The American College of Obstetricians and Gynecologists frequently updates their committee opinions and recommendations as they gain new knowledge and listen to consumer (that’s you!) demand. In the most recent update to the Committee Opinion titled, “Approaches to Limit Intervention During Labor and Birth,” there are several recommendations that reflect the growing demand from birthing women to be offered more support and fewer interventions during labor and delivery.
It has been well-known for years that interventions during labor, such as induction, epidural, continuous fetal monitoring, ect., can lead to a higher chance of the labor ending in a cesarean birth. Cesareans, while sometimes necessary and life-saving, present enough risks to mother and baby that avoiding them should be the goal of mothers and health care providers during a normal, healthy pregnancy and labor.
To that end, limiting interventions during labor is finally starting to be considered beneficial and “main stream” as compared to being viewed as something that only hippie home-birthers care about.
As a side not here before I share ACOG’s recommendations in regard to doulas, I would like to point out that while limiting interventions is just starting to become “popular” in the medical community, it is by no means a new concept. The wisdom of traditional midwives, doulas, mothers, and grandmothers has long shown that women need caring, continuous, female support while being allowed to work with the power and intuition of their own bodies. Sometimes, because the medical community is just starting to embrace these ideas, doulas and unmedicated birth can be seen as simply the “trendy” thing to do, or be treated as if it is some new, ridiculous standard women are setting for themselves. I encourage you to research a little about the history of birth if this is a topic that interests you, or if you have people telling you that you’re crazy.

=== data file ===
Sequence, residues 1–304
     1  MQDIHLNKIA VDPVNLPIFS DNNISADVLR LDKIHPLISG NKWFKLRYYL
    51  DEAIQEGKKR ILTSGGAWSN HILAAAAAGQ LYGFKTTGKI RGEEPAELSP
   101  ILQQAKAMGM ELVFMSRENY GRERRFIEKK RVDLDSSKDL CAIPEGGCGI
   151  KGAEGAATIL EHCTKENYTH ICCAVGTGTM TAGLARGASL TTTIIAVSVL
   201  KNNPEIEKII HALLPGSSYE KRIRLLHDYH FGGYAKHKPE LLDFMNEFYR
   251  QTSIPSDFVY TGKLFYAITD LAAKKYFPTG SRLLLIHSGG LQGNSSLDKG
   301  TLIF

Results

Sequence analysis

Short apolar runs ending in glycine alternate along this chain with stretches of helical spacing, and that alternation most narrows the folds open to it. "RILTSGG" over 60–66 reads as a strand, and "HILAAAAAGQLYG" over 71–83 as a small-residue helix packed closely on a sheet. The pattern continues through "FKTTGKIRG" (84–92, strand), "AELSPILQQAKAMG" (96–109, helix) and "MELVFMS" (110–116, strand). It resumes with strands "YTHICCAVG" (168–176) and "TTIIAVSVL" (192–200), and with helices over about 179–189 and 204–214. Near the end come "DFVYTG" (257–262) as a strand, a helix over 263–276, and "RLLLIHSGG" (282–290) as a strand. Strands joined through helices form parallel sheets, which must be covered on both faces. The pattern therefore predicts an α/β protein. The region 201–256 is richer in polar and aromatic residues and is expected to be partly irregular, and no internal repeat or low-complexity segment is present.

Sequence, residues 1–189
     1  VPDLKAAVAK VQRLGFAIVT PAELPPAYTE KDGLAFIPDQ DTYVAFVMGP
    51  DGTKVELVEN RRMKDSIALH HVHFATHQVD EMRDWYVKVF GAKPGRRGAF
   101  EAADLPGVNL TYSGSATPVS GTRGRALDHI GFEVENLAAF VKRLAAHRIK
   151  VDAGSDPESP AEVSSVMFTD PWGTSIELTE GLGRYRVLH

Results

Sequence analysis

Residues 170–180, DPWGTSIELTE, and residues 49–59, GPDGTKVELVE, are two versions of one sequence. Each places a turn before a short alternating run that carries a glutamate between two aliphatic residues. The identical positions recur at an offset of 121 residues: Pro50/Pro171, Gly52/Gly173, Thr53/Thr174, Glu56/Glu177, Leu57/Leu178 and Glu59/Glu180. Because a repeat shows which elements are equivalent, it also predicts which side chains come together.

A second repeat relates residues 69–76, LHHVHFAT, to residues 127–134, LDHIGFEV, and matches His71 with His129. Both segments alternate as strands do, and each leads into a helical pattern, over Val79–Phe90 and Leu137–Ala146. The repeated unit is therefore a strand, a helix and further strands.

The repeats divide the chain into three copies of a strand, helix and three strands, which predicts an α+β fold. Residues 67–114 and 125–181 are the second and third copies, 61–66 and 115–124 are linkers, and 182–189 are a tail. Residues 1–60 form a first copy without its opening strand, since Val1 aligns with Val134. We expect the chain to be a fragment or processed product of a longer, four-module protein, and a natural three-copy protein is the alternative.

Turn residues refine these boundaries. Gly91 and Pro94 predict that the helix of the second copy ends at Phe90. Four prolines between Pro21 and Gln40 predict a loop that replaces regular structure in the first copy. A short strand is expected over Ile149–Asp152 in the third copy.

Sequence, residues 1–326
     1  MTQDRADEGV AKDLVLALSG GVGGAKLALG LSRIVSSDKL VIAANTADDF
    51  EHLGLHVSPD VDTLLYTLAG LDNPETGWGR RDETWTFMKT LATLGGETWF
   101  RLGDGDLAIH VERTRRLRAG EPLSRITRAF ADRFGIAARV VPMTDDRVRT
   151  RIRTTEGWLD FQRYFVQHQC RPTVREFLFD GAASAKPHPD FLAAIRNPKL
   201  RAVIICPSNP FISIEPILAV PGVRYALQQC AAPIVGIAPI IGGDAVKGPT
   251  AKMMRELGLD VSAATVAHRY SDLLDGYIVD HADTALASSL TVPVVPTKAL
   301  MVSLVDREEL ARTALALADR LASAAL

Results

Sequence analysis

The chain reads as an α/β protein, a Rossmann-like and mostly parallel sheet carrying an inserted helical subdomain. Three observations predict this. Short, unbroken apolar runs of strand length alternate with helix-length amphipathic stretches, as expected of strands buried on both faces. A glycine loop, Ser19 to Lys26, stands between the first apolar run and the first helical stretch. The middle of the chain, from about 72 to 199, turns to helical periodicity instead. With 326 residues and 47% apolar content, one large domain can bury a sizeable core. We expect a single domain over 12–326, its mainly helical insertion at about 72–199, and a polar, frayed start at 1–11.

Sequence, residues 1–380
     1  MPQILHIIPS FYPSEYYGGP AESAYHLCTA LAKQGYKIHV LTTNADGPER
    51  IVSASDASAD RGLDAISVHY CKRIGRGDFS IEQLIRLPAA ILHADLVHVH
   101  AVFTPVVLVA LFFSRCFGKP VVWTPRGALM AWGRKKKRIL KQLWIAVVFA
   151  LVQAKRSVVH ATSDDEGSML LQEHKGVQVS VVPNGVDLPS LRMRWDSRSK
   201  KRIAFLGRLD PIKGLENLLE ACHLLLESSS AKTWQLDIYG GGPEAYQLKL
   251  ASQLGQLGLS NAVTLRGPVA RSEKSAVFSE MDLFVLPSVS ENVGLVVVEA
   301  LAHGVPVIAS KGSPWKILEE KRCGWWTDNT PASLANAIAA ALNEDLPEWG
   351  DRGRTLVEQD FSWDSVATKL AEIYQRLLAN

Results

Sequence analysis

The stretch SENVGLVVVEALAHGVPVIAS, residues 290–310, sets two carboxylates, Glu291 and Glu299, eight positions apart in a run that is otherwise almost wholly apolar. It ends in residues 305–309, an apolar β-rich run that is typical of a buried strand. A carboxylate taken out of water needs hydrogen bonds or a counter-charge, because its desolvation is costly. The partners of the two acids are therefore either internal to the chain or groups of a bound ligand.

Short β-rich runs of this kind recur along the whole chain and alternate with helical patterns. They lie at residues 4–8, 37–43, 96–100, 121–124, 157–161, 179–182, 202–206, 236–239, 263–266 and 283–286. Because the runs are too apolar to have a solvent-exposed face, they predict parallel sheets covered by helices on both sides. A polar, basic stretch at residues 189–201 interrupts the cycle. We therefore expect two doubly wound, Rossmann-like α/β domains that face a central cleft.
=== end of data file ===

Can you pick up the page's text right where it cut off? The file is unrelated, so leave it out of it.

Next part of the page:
With that side note, here are a few key quotes from ACOG regarding interventions during labor:
- When women are observed or admitted for pain or fatigue in latent labor, techniques such as education and support, oral hydration, positions of comfort, and nonpharmacologic pain management techniques such as massage or water immersion may be beneficial.
- Evidence suggests that, in addition to regular nursing care, continuous one-to-one emotional support provided by support personnel, such as a doula, is associated with improved outcomes for women in labor.
- When not coached to breathe in a specific way, women push with an open glottis. In consideration of the limited data regarding superiority of spontaneous versus Valsalva [provider directed, hold-your-breath] pushing, each woman should be encouraged to use her preferred and most effective technique.
Notice how suggestions of water immersion, massage, oral hydration, and education may be beneficial? Unfortunately, many nurses and providers are assisting multiple women at a time, and the type of care needed to facilitate all of these comfort measures is just not available in most hospitals. Not only is the doula an emotional support, which research suggests is helpful in and of itself, but a doula is going to be able to implement these wonderful recommendations during your labor.
You may be wondering why I have added the note on pushing in an article about doulas. Most women, once they are deep into labor-land, are going to basically do as they are told. Even if they went in with a desire to push spontaneously and avoid “purple face” pushing with held breath and countdowns, they may have a hard time asking for silence during pushing or they may feel pressured to follow the providers prompting to push on demand.
Having a conversation with a doula about your desire to push spontaneously can help in the labor room, as your doula can remind the care team of your wishes. She can also help remind you of your birth plan, while respecting your needs in the moment.
In light of ACOG’s most recent recommendations, it may be beneficial to ask your provider how they work with doulas in the delivery room, and if they are aware of the benefits doulas can provide to not only the birthing woman, but the entire care team. Most hospitals are very doula-friendly, but it never hurts to get an idea of just what to expect when she comes in with you!